Tim Lohman| Zdnet
Cloud service providers Google, Telstra, and Microsoft have warned that making a proposed new Cloud Computing Consumer Protocol mandatory will stifle the emerging cloud market and leave businesses, consumers, and startups worse off.
The protocol, proposed by the Australian Computer Society (ACS) on behalf of the Australian government, is aimed at encouraging greater take-up of cloud services, particularly by small businesses and not-for-profits by better informing them on issues such as privacy, data security, and data ownership.
Pressing for the protocol to remain voluntary, Telstra in its submission said that there is a “growing and vibrant market” for cloud services in Australia, characterised by an extensive range of competing services and underpinned by well-developed existing consumer protections.
“These market trends suggest the reluctance or hesitancy among Australian businesses referred to in the ACS discussion paper may not be as significant a problem as has been suggested,” the submission says. “Indeed, we would be concerned that adoption of an additional layer of regulation on industry would actually hinder the development and adoption of cloud services in Australia.
“We would suggest it is premature to move forward in developing a Cloud Computing Consumer Protocol (the protocol) in the form of a regulatory scheme at this stage, given it is unclear whether there is actually a market failure in the take-up of cloud services by consumers, SMEs, and NFPs.”
Google in its submission said that imposing a “highly prescriptive protocol” is inappropriate, given the dynamism of the IT industry. Further, the company argued that Australia’s tech startups could be hurt by the protocol.
“The introduction of unnecessary self-regulation could impede market operation and curtail both the development of Australian internet computing providers and the dynamics of Australian businesses accessing important global services,” Google’s submission says.
“Australian tech startups, which are essentially small businesses creating internet computing services leveraging global infrastructure, could be placed at a competitive disadvantage. Tech startups are a huge opportunity in Australia, and have the potential to unlock over AU$109 billion in value and create 540,000 jobs by 2033.”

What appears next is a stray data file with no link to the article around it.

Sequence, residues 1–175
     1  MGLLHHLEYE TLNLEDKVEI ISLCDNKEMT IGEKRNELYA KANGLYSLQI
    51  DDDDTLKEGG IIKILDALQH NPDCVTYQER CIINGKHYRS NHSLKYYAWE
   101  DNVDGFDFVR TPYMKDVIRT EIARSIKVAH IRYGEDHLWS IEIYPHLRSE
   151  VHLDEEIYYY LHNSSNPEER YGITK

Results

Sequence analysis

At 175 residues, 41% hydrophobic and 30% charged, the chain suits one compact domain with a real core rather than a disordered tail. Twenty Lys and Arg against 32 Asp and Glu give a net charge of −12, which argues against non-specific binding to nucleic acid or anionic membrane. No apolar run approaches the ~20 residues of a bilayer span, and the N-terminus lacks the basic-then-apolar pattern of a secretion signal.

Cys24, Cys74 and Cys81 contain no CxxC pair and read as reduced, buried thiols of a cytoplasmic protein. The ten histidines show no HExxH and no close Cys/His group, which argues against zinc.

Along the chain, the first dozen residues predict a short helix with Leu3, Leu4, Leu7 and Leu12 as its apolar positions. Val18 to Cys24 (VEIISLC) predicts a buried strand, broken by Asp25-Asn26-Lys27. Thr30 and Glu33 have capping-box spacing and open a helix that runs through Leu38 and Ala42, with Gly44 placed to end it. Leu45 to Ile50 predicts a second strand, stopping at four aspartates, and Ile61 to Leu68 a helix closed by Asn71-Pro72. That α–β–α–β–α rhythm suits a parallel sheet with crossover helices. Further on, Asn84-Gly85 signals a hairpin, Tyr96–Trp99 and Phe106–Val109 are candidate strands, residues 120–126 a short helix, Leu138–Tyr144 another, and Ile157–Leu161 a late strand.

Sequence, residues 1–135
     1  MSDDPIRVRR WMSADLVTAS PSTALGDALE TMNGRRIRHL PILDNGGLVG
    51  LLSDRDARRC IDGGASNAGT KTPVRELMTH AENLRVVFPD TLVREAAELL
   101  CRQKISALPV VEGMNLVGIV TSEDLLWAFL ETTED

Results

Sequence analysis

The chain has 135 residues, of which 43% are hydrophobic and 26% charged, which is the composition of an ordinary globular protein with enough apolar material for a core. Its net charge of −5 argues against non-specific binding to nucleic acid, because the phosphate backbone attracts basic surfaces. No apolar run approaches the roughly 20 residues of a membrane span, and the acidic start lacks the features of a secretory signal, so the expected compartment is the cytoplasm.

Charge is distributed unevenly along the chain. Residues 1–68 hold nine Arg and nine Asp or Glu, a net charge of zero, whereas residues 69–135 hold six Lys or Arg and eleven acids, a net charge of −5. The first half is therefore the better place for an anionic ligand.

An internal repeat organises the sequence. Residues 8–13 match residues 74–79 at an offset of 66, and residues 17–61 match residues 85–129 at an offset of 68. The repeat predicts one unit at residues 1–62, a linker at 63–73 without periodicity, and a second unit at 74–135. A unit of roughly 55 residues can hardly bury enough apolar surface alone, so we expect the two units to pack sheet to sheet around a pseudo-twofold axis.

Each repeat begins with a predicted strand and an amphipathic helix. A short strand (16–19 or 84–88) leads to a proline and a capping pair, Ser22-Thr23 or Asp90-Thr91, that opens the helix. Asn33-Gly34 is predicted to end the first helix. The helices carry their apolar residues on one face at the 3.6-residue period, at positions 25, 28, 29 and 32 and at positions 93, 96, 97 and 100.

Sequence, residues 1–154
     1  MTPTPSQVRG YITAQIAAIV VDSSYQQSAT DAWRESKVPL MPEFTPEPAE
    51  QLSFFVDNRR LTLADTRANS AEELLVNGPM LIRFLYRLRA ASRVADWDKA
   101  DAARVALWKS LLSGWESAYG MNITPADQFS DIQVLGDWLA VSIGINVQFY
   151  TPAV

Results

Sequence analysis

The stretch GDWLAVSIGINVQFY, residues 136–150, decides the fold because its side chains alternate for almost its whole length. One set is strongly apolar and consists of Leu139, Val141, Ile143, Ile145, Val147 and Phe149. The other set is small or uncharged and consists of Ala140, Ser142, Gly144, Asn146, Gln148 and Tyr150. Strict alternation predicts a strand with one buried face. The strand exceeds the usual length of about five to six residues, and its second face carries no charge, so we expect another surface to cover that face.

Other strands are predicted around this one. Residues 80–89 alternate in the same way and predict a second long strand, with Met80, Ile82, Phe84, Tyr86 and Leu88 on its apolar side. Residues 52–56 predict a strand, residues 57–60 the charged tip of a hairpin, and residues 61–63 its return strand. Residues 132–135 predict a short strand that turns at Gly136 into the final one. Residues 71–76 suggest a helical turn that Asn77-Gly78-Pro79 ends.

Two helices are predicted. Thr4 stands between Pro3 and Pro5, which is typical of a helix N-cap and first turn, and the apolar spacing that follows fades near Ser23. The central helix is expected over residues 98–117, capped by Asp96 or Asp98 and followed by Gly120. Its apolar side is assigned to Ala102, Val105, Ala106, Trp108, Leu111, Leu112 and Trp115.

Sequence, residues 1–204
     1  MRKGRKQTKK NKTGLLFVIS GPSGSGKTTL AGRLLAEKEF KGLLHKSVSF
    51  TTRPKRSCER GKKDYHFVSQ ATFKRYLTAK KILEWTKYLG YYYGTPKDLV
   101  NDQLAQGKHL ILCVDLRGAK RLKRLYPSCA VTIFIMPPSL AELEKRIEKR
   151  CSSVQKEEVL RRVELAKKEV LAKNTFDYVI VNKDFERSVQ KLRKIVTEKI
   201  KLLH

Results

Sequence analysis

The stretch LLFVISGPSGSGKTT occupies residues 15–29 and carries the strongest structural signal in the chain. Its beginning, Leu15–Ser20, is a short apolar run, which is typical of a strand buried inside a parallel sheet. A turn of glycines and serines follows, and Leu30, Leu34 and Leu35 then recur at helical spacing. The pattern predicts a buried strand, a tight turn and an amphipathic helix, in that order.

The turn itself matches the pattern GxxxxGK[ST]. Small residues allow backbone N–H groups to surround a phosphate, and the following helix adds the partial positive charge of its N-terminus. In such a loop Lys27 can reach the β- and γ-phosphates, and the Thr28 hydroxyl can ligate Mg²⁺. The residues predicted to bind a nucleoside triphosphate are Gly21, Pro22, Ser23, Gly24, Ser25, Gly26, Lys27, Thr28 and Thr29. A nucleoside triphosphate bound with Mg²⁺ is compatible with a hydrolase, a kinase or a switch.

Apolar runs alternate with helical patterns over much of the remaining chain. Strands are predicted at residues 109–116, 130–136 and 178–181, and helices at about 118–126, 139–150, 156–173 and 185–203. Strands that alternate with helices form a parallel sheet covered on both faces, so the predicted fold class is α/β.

Microsoft argued in its submission that it was too early to take the view that there has been a market failure requiring significant intervention. Instead, it argued for a voluntary code built on “guiding principles”, including transparency, the avoidance of a prescriptive “one-size-fits-all” approach, and avoiding the creation of new standards.
“Cloud computing services are global services,” Microsoft’s submission says. “Incompatible regulatory or standards regimes impose barriers to market entry and additional costs, not just for global organisations in providing services to Australians, but also for Australian cloud providers trying to access international markets.
“Encouraging and supporting the adoption of global standards and best practice creates a level playing field for all providers.”
Responding to the discussion paper, the National Australia Bank (NAB) said it also supports a voluntary scheme. However, the bank noted that a lack of standards, combined with existing financial regulations, have limited the bank’s adoption of cloud.
“Many cloud vendors proclaim that their products are secure; however, there is no easy way to compare offerings,” the submission says.
“It is also important to note that with the lack of standards, it is not only difficult to compare offerings, but it is also difficult to create interoperable solutions, which can often result in vendor lock-in.”
The Australian Academic Research Network (AARNet) in its submission said that any new protocol would need to ensure that cloud service providers furnish open and transparent reporting of their service operations, so that customers are able to evaluate or rank product and service offerings, ideally employing assessments made by an independent organisation.
“In order to achieve this goal, we would recommend results be provided online in an easily digestible format, with regular testing and ranking of service offerings, performance, and cost as opposed to large, often outdated reports,” the submission states.
“We believe that this will go furthest in improving confidence in the cloud computing and services market.”